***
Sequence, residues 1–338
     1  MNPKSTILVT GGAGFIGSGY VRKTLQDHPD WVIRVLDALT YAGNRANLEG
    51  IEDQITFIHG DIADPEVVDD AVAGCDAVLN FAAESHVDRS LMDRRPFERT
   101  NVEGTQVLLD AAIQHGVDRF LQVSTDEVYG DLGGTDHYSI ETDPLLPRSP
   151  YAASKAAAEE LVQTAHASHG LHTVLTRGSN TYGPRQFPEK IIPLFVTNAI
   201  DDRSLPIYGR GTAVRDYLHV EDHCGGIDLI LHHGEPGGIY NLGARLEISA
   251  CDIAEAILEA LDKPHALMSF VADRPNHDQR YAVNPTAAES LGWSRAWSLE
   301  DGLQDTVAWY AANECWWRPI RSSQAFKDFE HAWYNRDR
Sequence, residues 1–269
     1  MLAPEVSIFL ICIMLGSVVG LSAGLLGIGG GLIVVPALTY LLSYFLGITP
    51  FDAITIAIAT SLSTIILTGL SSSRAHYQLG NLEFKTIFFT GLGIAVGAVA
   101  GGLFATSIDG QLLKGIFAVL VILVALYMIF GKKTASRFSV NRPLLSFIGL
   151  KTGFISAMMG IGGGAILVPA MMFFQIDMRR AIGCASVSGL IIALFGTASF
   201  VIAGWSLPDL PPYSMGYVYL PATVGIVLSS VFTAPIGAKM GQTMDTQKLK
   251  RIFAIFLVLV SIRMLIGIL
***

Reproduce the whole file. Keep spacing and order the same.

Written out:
Sequence, residues 1–338
     1  MNPKSTILVT GGAGFIGSGY VRKTLQDHPD WVIRVLDALT YAGNRANLEG
    51  IEDQITFIHG DIADPEVVDD AVAGCDAVLN FAAESHVDRS LMDRRPFERT
   101  NVEGTQVLLD AAIQHGVDRF LQVSTDEVYG DLGGTDHYSI ETDPLLPRSP
   151  YAASKAAAEE LVQTAHASHG LHTVLTRGSN TYGPRQFPEK IIPLFVTNAI
   201  DDRSLPIYGR GTAVRDYLHV EDHCGGIDLI LHHGEPGGIY NLGARLEISA
   251  CDIAEAILEA LDKPHALMSF VADRPNHDQR YAVNPTAAES LGWSRAWSLE
   301  DGLQDTVAWY AANECWWRPI RSSQAFKDFE HAWYNRDR
Sequence, residues 1–269
     1  MLAPEVSIFL ICIMLGSVVG LSAGLLGIGG GLIVVPALTY LLSYFLGITP
    51  FDAITIAIAT SLSTIILTGL SSSRAHYQLG NLEFKTIFFT GLGIAVGAVA
   101  GGLFATSIDG QLLKGIFAVL VILVALYMIF GKKTASRFSV NRPLLSFIGL
   151  KTGFISAMMG IGGGAILVPA MMFFQIDMRR AIGCASVSGL IIALFGTASF
   201  VIAGWSLPDL PPYSMGYVYL PATVGIVLSS VFTAPIGAKM GQTMDTQKLK
   251  RIFAIFLVLV SIRMLIGIL